‘Shocked’ Kamala Harris is heavy on outrage over Roe reversal – but light on solutions

Vice president isn’t committing to any of the ideas pushed by progressives – but it’s not clear exactly what her plan to protect women’s rights entails

Kathleen N. Walsh
Tuesday 28 June 2022 10:33 BST
Harris said she was shocked by the Supreme Court’s reversal of Roe v Wade
Harris said she was shocked by the Supreme Court’s reversal of Roe v Wade (AFP via Getty Images)

In her first interview since the Supreme Court officially overturned Roe v Wade, thus overruling the constitutional right to an abortion, Vice President Kamala Harris was heavy on outrage but light on detailed remedies. Harris told CNN’s Dana Bash that she first got the news while en route to Illinois to speak about maternal health policy. The VP’s personal reaction was what was to be expected: She was prepared for the decision but still shocked when it became official. She reflected as a step-mother, godmother, and aunt, and as a former prosecutor of crimes against women and children. She reiterated that the right to an abortion should be settled by now.

Harris was also clear that she felt that the right to abortion would not be the last right endangered by the current Supreme Court based on Justice Clarence Thomas’s concurring opinion, in which he suggested other landmark cases, such as the ones that determined the right to contraception and same-sex relationships, ought to be “revisited.”

The Vice President was less clear when pressed on specific policies or actions the Executive Branch was prepared to take to protect the right to choose. Harris said the administration would do “everything in our power” to ensure that people have access to the medication they need — which is FDA approved — as well as the freedom to travel between states to access this medication or other abortion services. When asked whether these freedoms would be enforced by the courts, Harris expressed confidence that the Department of Justice was committed to keeping states from overregulating FDA-approved medications or freedom of travel. Merrick Garland signaled as much in a statement on Friday, per the Washington Post, stating that his department was ready to work with the FDA to ensure access to Mifepristone — the abortion pill — and that states would not be allowed to halt access to abortion counseling services.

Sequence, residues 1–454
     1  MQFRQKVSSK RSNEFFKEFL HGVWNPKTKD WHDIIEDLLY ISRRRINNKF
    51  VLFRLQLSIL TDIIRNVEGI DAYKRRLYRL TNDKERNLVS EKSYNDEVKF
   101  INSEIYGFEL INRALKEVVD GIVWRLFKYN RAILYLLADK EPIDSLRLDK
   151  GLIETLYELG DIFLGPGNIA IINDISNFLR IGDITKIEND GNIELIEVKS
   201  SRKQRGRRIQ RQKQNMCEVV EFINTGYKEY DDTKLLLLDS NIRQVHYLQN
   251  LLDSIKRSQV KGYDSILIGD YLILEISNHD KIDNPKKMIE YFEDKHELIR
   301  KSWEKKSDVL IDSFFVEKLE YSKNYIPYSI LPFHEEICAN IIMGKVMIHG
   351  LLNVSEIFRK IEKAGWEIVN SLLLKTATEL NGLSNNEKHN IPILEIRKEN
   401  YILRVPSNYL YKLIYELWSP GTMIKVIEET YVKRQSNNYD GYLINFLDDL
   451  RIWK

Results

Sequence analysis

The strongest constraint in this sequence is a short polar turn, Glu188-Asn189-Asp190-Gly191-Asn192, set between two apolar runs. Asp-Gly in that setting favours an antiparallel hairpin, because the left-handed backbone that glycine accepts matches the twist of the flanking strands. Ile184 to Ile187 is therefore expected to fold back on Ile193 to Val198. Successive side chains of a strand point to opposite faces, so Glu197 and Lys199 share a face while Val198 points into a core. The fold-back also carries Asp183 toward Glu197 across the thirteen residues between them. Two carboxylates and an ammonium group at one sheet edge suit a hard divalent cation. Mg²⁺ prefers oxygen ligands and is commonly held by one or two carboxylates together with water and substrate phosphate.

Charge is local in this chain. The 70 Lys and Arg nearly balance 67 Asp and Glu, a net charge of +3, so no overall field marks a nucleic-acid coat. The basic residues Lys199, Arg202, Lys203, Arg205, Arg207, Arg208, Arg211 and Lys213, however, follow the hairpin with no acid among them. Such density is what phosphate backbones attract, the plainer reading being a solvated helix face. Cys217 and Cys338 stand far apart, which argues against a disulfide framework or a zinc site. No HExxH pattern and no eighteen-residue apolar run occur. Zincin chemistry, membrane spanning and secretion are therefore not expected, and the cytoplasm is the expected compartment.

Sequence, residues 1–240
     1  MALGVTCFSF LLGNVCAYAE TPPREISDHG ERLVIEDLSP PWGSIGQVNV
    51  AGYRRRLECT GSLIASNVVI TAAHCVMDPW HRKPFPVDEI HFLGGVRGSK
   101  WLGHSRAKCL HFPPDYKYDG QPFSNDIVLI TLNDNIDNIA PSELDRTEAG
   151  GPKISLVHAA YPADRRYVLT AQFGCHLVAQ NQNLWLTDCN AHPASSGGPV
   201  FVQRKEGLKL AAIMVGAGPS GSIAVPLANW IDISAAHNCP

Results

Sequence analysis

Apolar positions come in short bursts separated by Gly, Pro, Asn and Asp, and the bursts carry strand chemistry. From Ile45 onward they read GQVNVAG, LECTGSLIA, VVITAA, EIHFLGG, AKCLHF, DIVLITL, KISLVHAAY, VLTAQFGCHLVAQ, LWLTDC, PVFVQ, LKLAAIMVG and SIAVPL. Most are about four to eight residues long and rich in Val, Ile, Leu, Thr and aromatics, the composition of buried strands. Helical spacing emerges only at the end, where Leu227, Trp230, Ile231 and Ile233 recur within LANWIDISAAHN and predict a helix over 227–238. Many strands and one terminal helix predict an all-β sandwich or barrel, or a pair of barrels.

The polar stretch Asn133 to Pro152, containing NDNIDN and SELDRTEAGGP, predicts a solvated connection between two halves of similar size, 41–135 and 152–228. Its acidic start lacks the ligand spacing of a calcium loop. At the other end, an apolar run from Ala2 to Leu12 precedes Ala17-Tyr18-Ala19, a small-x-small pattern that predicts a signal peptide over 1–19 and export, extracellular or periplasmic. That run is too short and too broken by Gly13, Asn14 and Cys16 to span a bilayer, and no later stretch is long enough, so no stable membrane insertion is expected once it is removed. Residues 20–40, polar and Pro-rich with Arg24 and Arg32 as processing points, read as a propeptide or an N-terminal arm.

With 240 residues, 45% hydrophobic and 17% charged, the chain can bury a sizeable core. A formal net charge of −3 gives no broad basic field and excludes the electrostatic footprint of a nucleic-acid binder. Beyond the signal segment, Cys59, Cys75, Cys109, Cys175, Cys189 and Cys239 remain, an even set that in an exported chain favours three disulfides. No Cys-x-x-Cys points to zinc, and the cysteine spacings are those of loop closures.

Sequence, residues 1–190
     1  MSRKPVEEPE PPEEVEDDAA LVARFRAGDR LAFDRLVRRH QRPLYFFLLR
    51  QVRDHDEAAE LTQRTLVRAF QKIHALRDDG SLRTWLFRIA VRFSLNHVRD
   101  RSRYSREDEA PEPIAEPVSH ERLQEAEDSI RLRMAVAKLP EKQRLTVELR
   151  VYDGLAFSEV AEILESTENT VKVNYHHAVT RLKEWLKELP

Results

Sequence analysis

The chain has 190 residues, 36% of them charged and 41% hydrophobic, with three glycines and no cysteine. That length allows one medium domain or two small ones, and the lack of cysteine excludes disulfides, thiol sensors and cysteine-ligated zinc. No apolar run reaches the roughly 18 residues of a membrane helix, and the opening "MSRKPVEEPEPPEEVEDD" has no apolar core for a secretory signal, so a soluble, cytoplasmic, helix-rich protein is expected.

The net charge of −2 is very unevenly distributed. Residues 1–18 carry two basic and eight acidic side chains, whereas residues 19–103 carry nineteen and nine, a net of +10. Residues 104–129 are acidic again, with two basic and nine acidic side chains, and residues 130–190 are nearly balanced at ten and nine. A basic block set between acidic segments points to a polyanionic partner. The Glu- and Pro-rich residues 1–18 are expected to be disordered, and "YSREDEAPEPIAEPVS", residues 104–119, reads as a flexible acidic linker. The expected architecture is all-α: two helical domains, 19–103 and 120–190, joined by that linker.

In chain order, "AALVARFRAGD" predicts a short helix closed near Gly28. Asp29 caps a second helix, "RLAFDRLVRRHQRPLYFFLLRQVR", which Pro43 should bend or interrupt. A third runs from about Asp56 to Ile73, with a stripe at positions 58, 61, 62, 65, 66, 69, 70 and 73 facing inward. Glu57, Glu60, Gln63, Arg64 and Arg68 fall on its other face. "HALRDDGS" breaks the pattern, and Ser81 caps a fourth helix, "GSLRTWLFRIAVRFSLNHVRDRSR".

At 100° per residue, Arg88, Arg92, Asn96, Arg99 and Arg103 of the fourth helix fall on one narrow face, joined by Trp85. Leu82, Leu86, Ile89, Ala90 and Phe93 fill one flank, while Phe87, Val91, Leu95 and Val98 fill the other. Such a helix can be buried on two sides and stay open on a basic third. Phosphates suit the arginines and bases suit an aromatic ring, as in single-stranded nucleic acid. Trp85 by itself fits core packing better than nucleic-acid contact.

Another idea that has been floated is the possibility of opening up abortion-provider facilities on federal lands, but Harris said that has not been under discussion. Instead, the Veep pivoted to talking about elections, again reiterating the importance of the upcoming midterms, which will determine which party controls both chambers of Congress. Harris said that the current Senate does not have the votes to legislate the right to an abortion into law, saying, “We need to change the balance and have pro-choice legislators.” Calls to vote, an echo of what President Biden said just days earlier, will likely induce more groans from Progressive Democrats, who have long grown tired of voting in “the most important election of their lives” without any measurable legislative change.

Additionally, Democrats do already control the House, the Senate, and the Executive branch, but Harris, Bash noted, has not called for abolishing the filibuster — which would make it possible to get a bill passed in the Senate. As the Vice President, Harris is President of the Senate, which should give her voice some additional weight in that chamber. If this is so, she doesn’t seem to have used it much.

And it should go without saying, but Harris also did not call for expanding or changing the number of justices on the Supreme Court — which some constitutional scholars and historians (and progressive Senator Elizabeth Warren) have repeatedly called for as a correction to the extreme ideological unbalance on the court.

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